Retailers have already signaled that big sales are coming for the holidays – with one major, shiny exception.
Stores are looking to get rid of excess inventory of clothes, shoes, toys, gadgets and furniture. But jewelry could escape all those deep discounts.
That’s because holiday jewelry sales have skyrocketed over the past two years. On an annual basis, they jumped 32% in 2021 and 26.2% in 2020, according to MasterCard’s SpendingPulse report which tracks retail spending from November 1 to December 24, the peak period for gift purchases. year-end each year.
“Jewelry is in good shape heading into this holiday season,” said Marshal Cohen, chief retail industry adviser at NPD Group. He expects consumers to turn to bling because they perceive it as a “good investment gift, so consumers’ spending limits will feel better spent on jewelry.”
Fine jewelry like studs and diamond necklaces — and maybe even an engagement ring — have always been popular gift options., but a few trends are pushing its popularity even higher, Cohen said.
There aren’t many flashy, lavish new tech products to rival jewelry this year. More importantly, jewelers are not struggling with excess inventory that has plagued much of the retail industry.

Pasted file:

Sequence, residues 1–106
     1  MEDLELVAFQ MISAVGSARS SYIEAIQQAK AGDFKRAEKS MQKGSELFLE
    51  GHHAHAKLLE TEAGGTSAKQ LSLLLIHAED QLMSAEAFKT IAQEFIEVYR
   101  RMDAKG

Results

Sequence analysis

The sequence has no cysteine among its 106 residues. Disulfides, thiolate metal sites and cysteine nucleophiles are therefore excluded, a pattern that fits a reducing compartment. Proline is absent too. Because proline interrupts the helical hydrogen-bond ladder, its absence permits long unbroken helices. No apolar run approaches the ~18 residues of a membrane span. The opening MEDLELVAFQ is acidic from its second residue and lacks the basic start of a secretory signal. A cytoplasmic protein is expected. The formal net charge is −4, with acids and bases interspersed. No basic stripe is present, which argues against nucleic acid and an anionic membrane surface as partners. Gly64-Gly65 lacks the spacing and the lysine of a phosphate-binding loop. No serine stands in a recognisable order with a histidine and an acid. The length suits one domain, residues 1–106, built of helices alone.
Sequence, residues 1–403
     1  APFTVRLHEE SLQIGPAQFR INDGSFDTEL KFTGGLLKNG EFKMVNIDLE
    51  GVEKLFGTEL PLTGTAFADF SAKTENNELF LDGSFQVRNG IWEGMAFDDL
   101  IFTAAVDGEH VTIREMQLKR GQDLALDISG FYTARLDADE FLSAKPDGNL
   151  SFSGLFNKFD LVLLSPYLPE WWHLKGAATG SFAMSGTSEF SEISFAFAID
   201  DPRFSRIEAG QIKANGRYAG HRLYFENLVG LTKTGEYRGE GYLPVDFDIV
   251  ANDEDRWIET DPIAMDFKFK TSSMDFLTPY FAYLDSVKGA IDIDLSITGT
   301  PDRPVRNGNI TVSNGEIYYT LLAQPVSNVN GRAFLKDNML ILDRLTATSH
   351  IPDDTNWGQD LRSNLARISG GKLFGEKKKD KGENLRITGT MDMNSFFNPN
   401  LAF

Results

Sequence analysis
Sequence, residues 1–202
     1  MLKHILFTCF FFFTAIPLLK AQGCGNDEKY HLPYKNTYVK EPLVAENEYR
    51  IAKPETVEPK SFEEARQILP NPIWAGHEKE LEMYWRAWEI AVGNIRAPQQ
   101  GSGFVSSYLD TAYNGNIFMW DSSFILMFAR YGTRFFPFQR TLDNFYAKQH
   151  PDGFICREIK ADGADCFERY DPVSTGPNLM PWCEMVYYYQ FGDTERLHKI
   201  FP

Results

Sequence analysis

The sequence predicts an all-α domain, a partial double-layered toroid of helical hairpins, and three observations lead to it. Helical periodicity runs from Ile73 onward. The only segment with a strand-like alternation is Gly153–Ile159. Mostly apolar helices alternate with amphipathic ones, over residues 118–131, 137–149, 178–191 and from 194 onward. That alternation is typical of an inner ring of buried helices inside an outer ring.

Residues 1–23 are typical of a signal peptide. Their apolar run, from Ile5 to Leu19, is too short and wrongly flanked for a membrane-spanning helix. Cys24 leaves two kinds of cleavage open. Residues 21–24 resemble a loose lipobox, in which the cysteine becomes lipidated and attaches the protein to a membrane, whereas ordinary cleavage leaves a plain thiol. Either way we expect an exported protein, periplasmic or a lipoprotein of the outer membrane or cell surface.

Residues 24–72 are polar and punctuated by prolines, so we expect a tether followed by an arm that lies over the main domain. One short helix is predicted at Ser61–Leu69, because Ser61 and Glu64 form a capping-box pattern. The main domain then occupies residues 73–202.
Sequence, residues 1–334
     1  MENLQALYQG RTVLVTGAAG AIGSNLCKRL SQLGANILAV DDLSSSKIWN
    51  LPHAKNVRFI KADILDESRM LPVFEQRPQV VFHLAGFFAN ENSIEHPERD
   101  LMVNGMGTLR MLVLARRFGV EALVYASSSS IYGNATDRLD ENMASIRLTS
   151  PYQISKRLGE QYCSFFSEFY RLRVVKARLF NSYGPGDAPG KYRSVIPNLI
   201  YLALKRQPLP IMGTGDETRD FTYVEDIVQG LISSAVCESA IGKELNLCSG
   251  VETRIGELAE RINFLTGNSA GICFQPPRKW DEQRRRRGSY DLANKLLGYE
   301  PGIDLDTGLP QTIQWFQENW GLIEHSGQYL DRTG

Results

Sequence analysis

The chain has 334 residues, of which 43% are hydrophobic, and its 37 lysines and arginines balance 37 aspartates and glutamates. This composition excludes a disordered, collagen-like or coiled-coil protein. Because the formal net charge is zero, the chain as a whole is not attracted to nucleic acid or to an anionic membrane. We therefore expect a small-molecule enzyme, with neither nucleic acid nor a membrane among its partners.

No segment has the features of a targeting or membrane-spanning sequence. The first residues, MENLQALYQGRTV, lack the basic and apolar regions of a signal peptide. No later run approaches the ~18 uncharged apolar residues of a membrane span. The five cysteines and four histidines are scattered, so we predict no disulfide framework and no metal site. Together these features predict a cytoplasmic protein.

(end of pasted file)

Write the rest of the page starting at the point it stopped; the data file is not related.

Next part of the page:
“Without a real overstock position, [jewelry] retailers aren’t worried” and don’t see the need for big sales, he said.
Signet Jewelers – the largest jewelry company in the United States and owner of Zales, Kay Jewelers and Jared – highlighted these trends in its latest earnings call, with the company also seeing stronger demand for higher priced items. .
“This is reflected in the fastest growth in jewelry being luxury price points, followed by accessible luxury,” Signet CEO Gina Drosos told analysts on the call earlier this month. Signet said it saw the strongest sales growth in prices of $1,000 and above in general, and in the $4,000 to $5,000 and $10,000 range, particularly for bridal jewelry.
The company is increasing the number of more expensive offerings to meet growing demand from wealthier customers, Drosos said. But Signet is also managing the impact of inflation on value-oriented shoppers by expanding its assortment of affordable jewelry, such as pieces with much cheaper lab-created diamonds instead of natural diamonds.
As the holiday season approaches, Signet said it has a “healthy level of inventory” to meet demand, but the amount of inventory is down year-over-year.
“This gives us confidence that we are well positioned to deliver novelty with minimal levels of holiday clearance,” Joan Hilson, Signet’s chief financial and strategic officer, said in a statement earlier this month.
Paul Zimnisky, an independent jewelry industry analyst, said Signet’s comments indicate consumers shouldn’t expect big sales or liquidations.
“I don’t expect cuts. However, I expect many jewelers to likely stock low-priced merchandise options,” Zimnisky said.